Quilting and patchwork

From luxurious 17th-century courtly robes to a quilt stitched by 21st-century prison inmates, the V&A holds a rich variety of objects created through quilting and patchwork – two distinct but frequently combined stitching techniques. These objects are remarkable both for their exquisite craftsmanship and their emotional resonance – gateways to fascinating stories and social histories.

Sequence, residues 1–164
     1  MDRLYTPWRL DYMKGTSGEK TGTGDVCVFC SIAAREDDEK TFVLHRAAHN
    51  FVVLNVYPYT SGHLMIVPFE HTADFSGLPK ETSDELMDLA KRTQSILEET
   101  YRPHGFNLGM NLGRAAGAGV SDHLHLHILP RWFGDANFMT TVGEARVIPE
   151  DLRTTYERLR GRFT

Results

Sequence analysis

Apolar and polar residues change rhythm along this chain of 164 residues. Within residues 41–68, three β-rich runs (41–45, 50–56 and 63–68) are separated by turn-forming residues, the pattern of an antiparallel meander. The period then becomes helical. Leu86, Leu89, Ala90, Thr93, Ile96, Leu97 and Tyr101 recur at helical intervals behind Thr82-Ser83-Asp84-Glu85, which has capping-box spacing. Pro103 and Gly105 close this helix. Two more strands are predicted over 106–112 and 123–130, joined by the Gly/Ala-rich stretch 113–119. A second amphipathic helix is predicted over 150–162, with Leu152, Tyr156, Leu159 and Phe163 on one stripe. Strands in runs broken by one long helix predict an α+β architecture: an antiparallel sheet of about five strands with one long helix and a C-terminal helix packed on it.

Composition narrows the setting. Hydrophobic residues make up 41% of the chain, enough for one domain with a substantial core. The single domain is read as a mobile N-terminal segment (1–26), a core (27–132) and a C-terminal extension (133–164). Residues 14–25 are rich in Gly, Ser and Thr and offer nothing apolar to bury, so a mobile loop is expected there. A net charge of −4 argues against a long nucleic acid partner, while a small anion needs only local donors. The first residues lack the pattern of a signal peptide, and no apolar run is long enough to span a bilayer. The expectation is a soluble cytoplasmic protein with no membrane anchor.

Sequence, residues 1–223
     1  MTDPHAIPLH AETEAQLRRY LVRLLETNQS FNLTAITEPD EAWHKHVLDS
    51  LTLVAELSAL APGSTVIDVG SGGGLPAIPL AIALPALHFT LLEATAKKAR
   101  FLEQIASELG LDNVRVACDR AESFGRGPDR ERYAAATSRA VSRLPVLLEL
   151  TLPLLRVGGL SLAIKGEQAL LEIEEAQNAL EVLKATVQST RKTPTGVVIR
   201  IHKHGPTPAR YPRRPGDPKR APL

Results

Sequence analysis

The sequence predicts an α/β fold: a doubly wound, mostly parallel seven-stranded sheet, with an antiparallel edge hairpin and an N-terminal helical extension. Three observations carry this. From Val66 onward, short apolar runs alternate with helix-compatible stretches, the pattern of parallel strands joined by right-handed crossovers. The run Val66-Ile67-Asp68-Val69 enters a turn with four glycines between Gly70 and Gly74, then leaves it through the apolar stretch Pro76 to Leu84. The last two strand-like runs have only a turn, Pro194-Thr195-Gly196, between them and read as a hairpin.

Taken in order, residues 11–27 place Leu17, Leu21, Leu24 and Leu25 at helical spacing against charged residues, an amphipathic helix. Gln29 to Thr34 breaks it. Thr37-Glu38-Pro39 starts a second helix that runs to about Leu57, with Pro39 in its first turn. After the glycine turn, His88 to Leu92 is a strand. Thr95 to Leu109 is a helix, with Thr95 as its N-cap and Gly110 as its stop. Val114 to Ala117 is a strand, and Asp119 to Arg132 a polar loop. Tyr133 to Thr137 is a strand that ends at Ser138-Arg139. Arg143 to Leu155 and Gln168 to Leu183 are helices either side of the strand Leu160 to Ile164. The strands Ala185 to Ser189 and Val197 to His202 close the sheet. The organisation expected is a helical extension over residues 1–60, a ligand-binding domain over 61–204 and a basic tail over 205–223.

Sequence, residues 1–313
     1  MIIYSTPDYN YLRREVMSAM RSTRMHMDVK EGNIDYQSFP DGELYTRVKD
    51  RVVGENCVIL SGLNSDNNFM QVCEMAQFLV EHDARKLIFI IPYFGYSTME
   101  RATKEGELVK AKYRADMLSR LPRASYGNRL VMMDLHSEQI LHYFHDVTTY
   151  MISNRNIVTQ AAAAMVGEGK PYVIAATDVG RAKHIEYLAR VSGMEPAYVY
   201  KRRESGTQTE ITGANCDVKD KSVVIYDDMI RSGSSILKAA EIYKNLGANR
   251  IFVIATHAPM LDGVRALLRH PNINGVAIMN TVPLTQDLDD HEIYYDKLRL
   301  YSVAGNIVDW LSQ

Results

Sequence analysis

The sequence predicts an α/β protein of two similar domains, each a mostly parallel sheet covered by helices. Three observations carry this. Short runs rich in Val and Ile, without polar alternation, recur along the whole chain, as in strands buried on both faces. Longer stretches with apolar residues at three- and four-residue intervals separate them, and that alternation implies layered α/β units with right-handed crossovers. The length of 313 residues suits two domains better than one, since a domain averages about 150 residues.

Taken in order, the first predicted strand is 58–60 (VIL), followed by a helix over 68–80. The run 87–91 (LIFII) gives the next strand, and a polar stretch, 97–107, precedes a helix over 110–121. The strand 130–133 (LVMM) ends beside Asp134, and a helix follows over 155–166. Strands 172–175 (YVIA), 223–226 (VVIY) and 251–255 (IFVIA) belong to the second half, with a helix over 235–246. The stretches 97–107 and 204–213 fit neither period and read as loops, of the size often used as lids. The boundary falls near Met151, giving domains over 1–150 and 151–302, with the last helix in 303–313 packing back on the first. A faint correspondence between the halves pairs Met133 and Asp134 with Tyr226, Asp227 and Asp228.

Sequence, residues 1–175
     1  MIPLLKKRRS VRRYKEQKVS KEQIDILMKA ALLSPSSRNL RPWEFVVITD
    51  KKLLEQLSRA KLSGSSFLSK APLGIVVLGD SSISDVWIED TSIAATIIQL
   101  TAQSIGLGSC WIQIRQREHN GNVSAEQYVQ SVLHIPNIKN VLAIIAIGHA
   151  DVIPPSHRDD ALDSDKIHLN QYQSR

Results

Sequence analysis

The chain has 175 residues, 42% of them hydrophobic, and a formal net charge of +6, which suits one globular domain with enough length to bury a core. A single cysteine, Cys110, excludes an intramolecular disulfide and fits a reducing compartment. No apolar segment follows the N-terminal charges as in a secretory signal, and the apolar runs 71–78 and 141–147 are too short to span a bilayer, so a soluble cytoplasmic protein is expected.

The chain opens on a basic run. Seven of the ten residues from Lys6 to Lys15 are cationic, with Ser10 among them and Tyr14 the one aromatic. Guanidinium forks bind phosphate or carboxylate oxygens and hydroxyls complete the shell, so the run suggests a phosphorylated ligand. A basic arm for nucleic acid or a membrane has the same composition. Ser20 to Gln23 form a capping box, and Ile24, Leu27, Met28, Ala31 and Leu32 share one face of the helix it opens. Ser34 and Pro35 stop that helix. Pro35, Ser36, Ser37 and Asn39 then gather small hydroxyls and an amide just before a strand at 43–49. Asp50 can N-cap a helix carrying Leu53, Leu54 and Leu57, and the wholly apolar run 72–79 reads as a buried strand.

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While patchwork involves the sewing together of small pieces, often fabric remnants, quilting describes the stitching together of several pieces of fabric, layered on top of each other. The two methods are frequently used together, particularly in the making of patchwork quilts, yet our collections include diverse examples of these techniques, from pin cushions to prayer mats, smocks and coats, as well as bed covers – spanning the domestic and the professionally made. We also hold works by contemporary artists who use the domestic associations of the quilt to explore political and social issues, and commemorate private grief.